When Trajan was proclaimed emperor, he set out to rebuild the troubled Roman Empire and lived to see it reach the maximum extent of its power.
Despite the Empire’s successes, the extensive military campaigns began to take their toll on Rome’s finances. When Dacian tribes ravaged Roman lands, the unpopular Emperor Domitian was forced to raise taxes. He had never been on the front lines himself, but one of his generals, a young man named Trajan, soon proved to be a worthy leader while battling Germanic tribes on the Rhine.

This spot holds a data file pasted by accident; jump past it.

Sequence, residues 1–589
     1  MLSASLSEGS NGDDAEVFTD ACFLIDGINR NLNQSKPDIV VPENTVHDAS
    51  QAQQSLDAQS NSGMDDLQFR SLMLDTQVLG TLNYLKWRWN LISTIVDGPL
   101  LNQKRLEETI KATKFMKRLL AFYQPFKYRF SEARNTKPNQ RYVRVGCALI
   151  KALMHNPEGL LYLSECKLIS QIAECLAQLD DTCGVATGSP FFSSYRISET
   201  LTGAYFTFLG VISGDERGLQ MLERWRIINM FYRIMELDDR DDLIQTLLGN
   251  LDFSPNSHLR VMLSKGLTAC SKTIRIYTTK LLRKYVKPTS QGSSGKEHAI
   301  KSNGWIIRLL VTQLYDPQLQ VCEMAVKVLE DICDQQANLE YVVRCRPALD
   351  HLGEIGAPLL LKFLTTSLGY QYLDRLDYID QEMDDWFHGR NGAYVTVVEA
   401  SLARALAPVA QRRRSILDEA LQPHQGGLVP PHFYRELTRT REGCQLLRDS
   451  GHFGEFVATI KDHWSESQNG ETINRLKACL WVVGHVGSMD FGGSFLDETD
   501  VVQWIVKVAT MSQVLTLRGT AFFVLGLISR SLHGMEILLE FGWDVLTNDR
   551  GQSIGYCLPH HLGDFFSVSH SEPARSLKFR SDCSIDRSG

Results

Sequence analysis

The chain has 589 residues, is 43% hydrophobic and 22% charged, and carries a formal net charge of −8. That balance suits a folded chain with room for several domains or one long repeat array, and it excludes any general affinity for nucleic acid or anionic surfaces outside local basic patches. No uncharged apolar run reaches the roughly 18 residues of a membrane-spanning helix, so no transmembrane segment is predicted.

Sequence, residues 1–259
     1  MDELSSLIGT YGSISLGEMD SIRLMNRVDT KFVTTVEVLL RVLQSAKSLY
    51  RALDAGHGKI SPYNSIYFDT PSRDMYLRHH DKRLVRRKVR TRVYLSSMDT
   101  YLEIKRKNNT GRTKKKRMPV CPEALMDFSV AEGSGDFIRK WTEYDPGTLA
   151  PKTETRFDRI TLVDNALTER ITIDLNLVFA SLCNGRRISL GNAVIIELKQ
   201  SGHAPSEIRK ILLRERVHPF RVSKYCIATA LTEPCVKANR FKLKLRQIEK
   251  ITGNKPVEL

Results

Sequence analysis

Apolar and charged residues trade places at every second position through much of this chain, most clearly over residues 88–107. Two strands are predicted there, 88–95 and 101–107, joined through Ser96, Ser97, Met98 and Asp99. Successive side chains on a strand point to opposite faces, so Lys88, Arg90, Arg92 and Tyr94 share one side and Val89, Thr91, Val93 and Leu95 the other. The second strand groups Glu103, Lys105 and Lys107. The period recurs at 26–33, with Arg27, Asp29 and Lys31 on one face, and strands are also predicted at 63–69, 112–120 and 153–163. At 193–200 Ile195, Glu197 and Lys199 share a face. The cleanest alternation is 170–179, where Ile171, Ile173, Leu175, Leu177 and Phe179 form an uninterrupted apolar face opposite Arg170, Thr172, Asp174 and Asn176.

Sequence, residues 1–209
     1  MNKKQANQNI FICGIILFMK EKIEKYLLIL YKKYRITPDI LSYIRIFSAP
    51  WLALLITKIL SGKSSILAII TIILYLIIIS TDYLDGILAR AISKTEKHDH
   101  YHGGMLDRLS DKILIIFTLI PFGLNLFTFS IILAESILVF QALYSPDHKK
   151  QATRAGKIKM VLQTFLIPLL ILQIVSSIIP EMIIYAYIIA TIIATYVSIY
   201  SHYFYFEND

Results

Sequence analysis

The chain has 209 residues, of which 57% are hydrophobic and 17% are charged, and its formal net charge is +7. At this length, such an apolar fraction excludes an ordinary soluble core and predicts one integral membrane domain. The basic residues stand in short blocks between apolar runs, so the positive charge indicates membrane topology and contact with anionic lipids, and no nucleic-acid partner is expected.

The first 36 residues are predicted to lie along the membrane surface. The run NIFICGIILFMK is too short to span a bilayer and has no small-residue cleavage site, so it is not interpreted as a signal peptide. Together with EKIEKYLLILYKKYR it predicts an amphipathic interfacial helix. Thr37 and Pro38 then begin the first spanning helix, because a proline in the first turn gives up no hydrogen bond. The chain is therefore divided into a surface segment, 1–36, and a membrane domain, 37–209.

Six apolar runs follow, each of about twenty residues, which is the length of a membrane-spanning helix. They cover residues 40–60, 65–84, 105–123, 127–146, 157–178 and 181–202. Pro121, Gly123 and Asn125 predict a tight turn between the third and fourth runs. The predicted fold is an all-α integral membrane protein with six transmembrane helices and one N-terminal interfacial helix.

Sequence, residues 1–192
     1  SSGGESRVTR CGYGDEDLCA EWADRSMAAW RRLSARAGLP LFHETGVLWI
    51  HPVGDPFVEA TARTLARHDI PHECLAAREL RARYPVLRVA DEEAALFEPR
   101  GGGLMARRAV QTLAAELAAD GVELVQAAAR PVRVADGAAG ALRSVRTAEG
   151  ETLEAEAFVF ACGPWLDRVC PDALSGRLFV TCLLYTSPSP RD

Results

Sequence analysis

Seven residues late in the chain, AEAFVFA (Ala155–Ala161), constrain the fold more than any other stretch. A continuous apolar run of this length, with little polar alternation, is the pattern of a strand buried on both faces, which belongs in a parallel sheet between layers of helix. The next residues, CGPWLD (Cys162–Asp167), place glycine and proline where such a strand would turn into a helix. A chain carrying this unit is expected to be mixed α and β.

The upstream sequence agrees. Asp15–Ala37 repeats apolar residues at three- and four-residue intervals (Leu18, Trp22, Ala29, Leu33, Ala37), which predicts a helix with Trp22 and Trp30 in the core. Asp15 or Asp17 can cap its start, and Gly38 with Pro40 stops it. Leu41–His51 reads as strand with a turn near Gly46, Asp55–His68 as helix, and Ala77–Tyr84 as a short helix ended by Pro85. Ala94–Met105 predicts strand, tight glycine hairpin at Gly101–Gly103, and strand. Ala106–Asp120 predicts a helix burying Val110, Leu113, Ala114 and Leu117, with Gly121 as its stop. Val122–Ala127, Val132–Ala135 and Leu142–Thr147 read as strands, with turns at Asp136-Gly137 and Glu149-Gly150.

After Domitian’s murder, Trajan was proclaimed emperor and set out to rebuild the troubled Empire. He solved its financial problems by attacking the Dacian chieftain, Decebalus, uncovering his golden treasures that were hidden in a river.
In 106AD, Decebalus fled but Trajan’s men hunted him down, only to find that he had killed himself to avoid the humiliation of defeat. Trajan’s victory was immortalised in Trajan’s Column in Rome and under his reign, the Empire reached its maximum extent of power.